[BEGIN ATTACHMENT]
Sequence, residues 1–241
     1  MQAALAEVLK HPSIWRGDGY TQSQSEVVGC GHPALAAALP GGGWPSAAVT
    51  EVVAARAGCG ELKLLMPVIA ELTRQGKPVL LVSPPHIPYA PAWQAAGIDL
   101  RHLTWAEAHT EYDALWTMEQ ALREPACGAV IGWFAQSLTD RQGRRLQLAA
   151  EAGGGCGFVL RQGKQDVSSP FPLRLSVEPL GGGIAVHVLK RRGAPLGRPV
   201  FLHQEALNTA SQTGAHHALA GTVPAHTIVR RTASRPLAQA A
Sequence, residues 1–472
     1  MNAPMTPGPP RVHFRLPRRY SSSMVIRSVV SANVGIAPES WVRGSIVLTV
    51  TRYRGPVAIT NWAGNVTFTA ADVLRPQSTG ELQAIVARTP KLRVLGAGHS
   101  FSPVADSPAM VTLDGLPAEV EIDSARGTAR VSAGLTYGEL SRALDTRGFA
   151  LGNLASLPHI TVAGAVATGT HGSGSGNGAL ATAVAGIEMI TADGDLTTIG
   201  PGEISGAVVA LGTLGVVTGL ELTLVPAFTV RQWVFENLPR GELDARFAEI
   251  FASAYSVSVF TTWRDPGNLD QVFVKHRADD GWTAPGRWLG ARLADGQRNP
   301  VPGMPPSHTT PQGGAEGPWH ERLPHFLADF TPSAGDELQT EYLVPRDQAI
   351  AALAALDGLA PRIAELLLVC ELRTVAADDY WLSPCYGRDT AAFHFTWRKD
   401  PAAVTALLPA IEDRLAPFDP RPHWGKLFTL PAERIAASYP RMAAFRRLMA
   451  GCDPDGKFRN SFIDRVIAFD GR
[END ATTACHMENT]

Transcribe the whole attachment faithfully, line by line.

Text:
Sequence, residues 1–241
     1  MQAALAEVLK HPSIWRGDGY TQSQSEVVGC GHPALAAALP GGGWPSAAVT
    51  EVVAARAGCG ELKLLMPVIA ELTRQGKPVL LVSPPHIPYA PAWQAAGIDL
   101  RHLTWAEAHT EYDALWTMEQ ALREPACGAV IGWFAQSLTD RQGRRLQLAA
   151  EAGGGCGFVL RQGKQDVSSP FPLRLSVEPL GGGIAVHVLK RRGAPLGRPV
   201  FLHQEALNTA SQTGAHHALA GTVPAHTIVR RTASRPLAQA A
Sequence, residues 1–472
     1  MNAPMTPGPP RVHFRLPRRY SSSMVIRSVV SANVGIAPES WVRGSIVLTV
    51  TRYRGPVAIT NWAGNVTFTA ADVLRPQSTG ELQAIVARTP KLRVLGAGHS
   101  FSPVADSPAM VTLDGLPAEV EIDSARGTAR VSAGLTYGEL SRALDTRGFA
   151  LGNLASLPHI TVAGAVATGT HGSGSGNGAL ATAVAGIEMI TADGDLTTIG
   201  PGEISGAVVA LGTLGVVTGL ELTLVPAFTV RQWVFENLPR GELDARFAEI
   251  FASAYSVSVF TTWRDPGNLD QVFVKHRADD GWTAPGRWLG ARLADGQRNP
   301  VPGMPPSHTT PQGGAEGPWH ERLPHFLADF TPSAGDELQT EYLVPRDQAI
   351  AALAALDGLA PRIAELLLVC ELRTVAADDY WLSPCYGRDT AAFHFTWRKD
   401  PAAVTALLPA IEDRLAPFDP RPHWGKLFTL PAERIAASYP RMAAFRRLMA
   451  GCDPDGKFRN SFIDRVIAFD GR